From this day forward, Justice Sonia Sotomayor is and always will be an essential player in the story of American progress.
There will be more progress.
The court will be joined by more women, more people of color, by Muslims and Buddhists and out gays and lesbians.
This progress will face resistance, just as the progress represented by Judge Sotomayor’s nomination and confirmation did.
But, as Justice Marshall assured us on the 200th anniversary of the Constitution, “The progress has been dramatic, and it will continue.”
The men who gathered in Philadelphia in 1787 could not have envisioned these changes. They could not have imagined, nor would they have accepted, that the document they were drafting would one day be construed by a Supreme Court to which had been appointed a woman and the descendent of an African slave. We the People” no longer enslave, but the credit does not belong to the Framers. It belongs to those who refused to acquiesce in outdated notions of “liberty,” “justice,” and “equality,” and who strived to better them.
And so we must be careful, when focusing on the events which took place in Philadelphia two centuries ago, that we not overlook the momentous events which followed, and thereby lose our proper sense of perspective. Otherwise, the odds are that for many Americans the bicentennial celebration will be little more than a blind pilgrimage to the shrine of the original document now stored in a vault in the National Archives. If we seek, instead, a sensitive understanding of the Constitution’s inherent defects, and its promising evolution through 200 years of history, the celebration of the “Miracle at Philadelphia” will, in my view, be a far more meaningful and humbling experience. We will see that the true miracle was not the birth of the Constitution, but its life, a life nurtured through two turbulent centuries of our own making, and a life embodying much good fortune that was not.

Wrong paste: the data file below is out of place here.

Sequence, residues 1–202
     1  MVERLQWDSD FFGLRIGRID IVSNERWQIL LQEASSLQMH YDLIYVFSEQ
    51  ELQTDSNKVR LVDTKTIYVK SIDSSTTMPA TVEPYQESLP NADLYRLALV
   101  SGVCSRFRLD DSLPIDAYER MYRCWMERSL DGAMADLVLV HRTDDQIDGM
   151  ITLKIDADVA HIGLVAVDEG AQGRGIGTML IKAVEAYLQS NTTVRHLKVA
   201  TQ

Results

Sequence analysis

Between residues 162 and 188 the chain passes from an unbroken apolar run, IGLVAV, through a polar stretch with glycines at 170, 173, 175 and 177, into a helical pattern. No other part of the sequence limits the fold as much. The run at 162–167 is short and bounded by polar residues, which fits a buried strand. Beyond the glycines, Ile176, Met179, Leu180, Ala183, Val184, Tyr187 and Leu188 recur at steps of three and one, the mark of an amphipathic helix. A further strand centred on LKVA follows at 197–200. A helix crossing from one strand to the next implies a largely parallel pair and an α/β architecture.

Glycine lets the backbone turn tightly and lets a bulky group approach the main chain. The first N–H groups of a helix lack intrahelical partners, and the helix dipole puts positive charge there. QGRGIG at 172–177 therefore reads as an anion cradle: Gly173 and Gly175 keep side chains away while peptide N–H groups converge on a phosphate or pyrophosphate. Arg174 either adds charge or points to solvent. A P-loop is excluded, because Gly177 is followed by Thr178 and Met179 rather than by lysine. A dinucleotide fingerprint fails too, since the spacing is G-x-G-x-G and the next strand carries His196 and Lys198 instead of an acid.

Thus, in this bicentennial year, we may not all participate in the festivities with flagwaving fervor. Some may more quietly commemorate the suffering, struggle, and sacrifice that has triumphed over much of what was wrong with the original document, and observe the anniversary with hopes not realized and promises not fulfilled. I plan to celebrate the bicentennial of the Constitution as a living document, including the Bill of Rights and the other amendments protecting individual freedoms and human rights.
Those who recognize the wisdom of Justice Thurgood Marshall, as expressed 22 years ago, will understand that the celebration of Justice Sonia Sotomayor’s confirmation is about more than one woman, one Latina or one justice on the high court. It is a celebration of the national evolution that Marshall knew to be the greatest accomplishment of this American experiment.